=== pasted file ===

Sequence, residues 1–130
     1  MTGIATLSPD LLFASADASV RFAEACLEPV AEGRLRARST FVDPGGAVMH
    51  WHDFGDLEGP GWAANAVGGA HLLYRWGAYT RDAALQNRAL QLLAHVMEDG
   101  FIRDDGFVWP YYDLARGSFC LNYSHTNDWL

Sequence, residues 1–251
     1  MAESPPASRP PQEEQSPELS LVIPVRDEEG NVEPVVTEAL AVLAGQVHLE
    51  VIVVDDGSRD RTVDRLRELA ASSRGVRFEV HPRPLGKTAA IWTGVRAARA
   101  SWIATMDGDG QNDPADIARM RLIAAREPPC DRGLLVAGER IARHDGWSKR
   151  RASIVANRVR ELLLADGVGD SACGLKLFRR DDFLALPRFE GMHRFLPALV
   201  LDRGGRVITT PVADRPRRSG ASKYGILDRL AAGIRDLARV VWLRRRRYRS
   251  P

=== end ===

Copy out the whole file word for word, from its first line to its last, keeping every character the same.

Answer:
Sequence, residues 1–130
     1  MTGIATLSPD LLFASADASV RFAEACLEPV AEGRLRARST FVDPGGAVMH
    51  WHDFGDLEGP GWAANAVGGA HLLYRWGAYT RDAALQNRAL QLLAHVMEDG
   101  FIRDDGFVWP YYDLARGSFC LNYSHTNDWL

Sequence, residues 1–251
     1  MAESPPASRP PQEEQSPELS LVIPVRDEEG NVEPVVTEAL AVLAGQVHLE
    51  VIVVDDGSRD RTVDRLRELA ASSRGVRFEV HPRPLGKTAA IWTGVRAARA
   101  SWIATMDGDG QNDPADIARM RLIAAREPPC DRGLLVAGER IARHDGWSKR
   151  RASIVANRVR ELLLADGVGD SACGLKLFRR DDFLALPRFE GMHRFLPALV
   201  LDRGGRVITT PVADRPRRSG ASKYGILDRL AAGIRDLARV VWLRRRRYRS
   251  P